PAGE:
An Open Table where Love knows no borders

One Comment

  1. Vincent Michael Hodge

    Pastor Rachael Tan provided us with a clearly themed sermon. Focus upon Jesus and the other major hurdles become more easily borne. Rachael provided a clear line of thought but more thankfully she spoke with not only conviction but a keenness and joy of voice that made listening to her a pleasure. I am much more interested in the Book of Hebrews now than was the case before the sermon. So thank you very much. Thanks also to Nathan for having the network to bring you to our attention.
    My only additional comment adds little to the spirit of the teaching behind the chapter. However the reading and therefore the sermon was tightly focused upon the opening verses of the chapter with of course reference back to Chapter 11. I would add that sometimes, and maybe even most times, it is worth looking at the whole chapter for the complete depth behind those opening verses.
    Now i am absolutely no Greek scholar. I am armed only with Google and the Greek text. What that allows is to notice that in the Greek KJV there are certain words that are repeated or which have double meanings. This is visually apparent when even a non Greek scholar looks. In the English translations of our bibles we have different words whereas the Greek uses a common word stem. hence we miss the poetry and repetition- probably applied in original times as most people were not literate and hence the culture of communication was oral. So signposting with repetition was a powerful way of making a point.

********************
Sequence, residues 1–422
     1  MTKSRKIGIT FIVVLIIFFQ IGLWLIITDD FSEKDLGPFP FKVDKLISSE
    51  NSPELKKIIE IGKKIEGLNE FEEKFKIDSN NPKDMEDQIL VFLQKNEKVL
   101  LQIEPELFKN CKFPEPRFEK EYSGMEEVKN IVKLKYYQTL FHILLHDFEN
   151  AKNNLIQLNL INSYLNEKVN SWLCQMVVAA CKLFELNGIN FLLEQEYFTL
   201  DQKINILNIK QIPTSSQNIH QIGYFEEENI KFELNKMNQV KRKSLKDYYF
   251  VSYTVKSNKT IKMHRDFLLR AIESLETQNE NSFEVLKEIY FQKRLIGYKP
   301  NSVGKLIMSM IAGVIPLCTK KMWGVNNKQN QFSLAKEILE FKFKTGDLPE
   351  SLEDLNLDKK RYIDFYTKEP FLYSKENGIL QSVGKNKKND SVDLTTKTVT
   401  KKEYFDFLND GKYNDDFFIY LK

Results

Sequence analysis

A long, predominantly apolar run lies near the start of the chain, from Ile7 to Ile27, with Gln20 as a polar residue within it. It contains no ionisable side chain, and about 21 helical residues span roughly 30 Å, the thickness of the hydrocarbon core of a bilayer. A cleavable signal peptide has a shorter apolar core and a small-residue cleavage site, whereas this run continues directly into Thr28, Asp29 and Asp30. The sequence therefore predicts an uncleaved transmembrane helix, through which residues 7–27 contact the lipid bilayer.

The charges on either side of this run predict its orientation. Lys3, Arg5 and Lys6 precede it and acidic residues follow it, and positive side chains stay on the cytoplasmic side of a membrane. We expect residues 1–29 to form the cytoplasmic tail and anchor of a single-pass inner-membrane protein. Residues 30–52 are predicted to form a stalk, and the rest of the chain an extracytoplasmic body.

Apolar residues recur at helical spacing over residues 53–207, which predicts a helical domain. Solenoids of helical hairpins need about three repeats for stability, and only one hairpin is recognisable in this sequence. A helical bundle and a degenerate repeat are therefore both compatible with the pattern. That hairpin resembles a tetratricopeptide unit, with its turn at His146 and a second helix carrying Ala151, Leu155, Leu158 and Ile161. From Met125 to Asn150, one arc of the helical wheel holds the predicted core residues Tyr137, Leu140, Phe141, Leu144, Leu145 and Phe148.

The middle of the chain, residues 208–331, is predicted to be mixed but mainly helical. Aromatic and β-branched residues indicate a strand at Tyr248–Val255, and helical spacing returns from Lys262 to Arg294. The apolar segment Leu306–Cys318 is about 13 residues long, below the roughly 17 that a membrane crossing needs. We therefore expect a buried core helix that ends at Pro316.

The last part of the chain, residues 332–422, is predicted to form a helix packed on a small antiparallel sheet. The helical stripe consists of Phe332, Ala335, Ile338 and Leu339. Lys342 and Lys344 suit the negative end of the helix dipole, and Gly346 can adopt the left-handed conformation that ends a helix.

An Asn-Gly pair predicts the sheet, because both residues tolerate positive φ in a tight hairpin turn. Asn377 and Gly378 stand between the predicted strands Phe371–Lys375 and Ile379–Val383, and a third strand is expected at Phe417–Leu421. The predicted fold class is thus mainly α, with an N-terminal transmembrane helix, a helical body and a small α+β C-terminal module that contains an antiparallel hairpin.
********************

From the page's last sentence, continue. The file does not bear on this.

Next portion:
Now in Chapter 12 it is abundantly obvious in a Greek text that the author was making certain opposites for memory : the clouds of witnesses “encompassed” the hearer just as the habit of Sin “encompassed” the sinner. One we must live with and one we must live without. The word for ‘discipline” in Greek is ‘paideia” and that discipline is what a father does for a Son. In Greek the word paideia not only means “discipline but also a “child”. hence the play on words. Most importantly that expression ” cloud of witnesses” reminds me of the “cloud” from the Exodus and wandering in the wilderness. Also the theophany to Mose on Mt Sinai was accompanied by thunder, lightning and cloud. A tremendously reverential and powerful display. therefore the author of Hebrews has put Sinai as the great comparison in Chapter 12 – the Covenant of Moses and its distance from God and the Covenant with Jesus and the closeness of the man Jesus – running the race as we all know human life to be. As Rachael discussed the Book of Hebrews places before us the powerful characters listed in chapter 11 coming to perfection in Jesus as the new “cloud” of witness and power. this is contrasted over against the fear and trembling in the Sinai Covenant. No longer is there the temple Worship with its mysterious “holy of holies”. We have Jesus as the new Holy of Holies ‘ who has made us one with him and we are the now living temples as the stones of the new covenant. Finally the word ‘endurance” in Hebrews 12. “Hupermones” is a Greek word for perseverance and endurance that is repeated not just in Hebrews but we find it in many of Paul’s Letters. Obviously as Hebrews 12:1-3: is at pains to encourage us to endurance so too the major texts of the NT also repeat that theme. There are other word plays – ‘despise” is literally ‘ to look at downwards” Jesus despised suffering and shame from the cross. he looked down on them as the executioners looked down on Jesus, albeit from below. The Cross is a Greek word for ‘standing pole”. The clinging sin of Hebrews 1-2 is also in Greek a thing that stands against us. Jesus Cross is the upright that leads to righteousness while sin is the stand over thing that “takes us down”.
    Anyway enough of my wordplays. Rachael and her concise and easy delivery has perhaps more to give us in what we need to think about!

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